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Asian share markets drop, Wall Street rises

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MSCI’s broadest index of Asia-Pacific shares outside Japan slid 0.4%, while Chinese blue chips declined 1%

Share markets in Asia were mixed on Friday after a volatile week in which global sentiment waned amid the rapid spread of the Delta variant of coronavirus across the world.

A slew of surveys on July manufacturing are expected to show a slight softening of activity in Europe and the United States, though from very high levels, while Asia looks more vulnerable.

In the face of headwinds from the Delta variant of the COVID-19 virus, the global economic expansion is moving forward—albeit more tentatively than a month ago, said Sara Johnson, executive director of global economics at IHS Markit.

Outlooks in advanced countries with high vaccination rates remain bright, but near-term prospects in emerging and developing countries with low vaccination rates are murkier, she said.

That diverging outlook was reflected in MSCI’s broadest index of Asia-Pacific shares outside Japan which slid 0.4%, dropping 1.1% on the week so far.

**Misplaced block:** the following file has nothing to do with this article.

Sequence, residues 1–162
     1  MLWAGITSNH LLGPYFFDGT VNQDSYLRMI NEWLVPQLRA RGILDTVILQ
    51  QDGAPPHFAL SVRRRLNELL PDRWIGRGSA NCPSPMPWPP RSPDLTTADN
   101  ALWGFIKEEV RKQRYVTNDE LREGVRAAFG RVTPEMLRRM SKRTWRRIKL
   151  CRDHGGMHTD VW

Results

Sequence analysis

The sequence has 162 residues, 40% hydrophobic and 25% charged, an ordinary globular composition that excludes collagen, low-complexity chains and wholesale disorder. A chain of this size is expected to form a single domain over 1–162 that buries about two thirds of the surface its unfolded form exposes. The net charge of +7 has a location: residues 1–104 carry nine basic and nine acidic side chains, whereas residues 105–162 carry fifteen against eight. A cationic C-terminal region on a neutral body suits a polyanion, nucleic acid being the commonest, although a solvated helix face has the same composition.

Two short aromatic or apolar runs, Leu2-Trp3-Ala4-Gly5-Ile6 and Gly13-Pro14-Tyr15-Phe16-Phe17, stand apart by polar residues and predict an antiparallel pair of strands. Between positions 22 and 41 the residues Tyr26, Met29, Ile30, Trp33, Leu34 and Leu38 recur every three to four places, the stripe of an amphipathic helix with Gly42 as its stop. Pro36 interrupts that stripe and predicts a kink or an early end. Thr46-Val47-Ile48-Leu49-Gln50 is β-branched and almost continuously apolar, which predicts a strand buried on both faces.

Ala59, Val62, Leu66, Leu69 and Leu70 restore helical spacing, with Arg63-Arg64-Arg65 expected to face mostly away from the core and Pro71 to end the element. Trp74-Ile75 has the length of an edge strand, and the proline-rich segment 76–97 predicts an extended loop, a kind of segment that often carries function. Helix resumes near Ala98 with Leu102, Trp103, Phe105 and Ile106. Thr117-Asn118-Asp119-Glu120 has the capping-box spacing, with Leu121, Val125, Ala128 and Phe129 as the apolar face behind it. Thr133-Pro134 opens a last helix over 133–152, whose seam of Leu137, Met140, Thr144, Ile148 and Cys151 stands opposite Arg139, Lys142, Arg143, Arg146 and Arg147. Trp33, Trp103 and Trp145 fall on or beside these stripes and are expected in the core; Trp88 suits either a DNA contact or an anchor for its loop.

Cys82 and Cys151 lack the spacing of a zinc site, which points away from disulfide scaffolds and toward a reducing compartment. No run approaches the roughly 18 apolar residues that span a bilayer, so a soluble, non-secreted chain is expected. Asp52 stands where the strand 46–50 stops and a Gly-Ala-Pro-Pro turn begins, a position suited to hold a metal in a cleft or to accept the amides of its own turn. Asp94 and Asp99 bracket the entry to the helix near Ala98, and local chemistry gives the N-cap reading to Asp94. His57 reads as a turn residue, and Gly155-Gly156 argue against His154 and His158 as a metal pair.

Japan’s Nikkei was closed for a holiday, but off 1.7% for the week and a whisker away from a seven-month trough.

Chinese blue chips declined 1%, though well within the tight trading range of the past three weeks.

Wall Street was in a better position on a series of strong earnings as Nasdaq futures were 0.3% higher and S&P 500 futures up 0.2%. EUROSTOXX 50 futures also rose 0.3%, while FTSE futures advanced 0.4%.

Investors are now looking ahead to the Federal Reserve’s policy meeting next week which is expected to discuss tapering, though Chair Jerome Powell has repeatedly said the labour market remains well short of target.

He also still argues that the recent spike in inflation will prove fleeting, which may be one reason bond markets have been rallying so hard. Yields on U.S. 10-year notes were last at 1.28%, having hit a five-month low of 1.128% early in the week.

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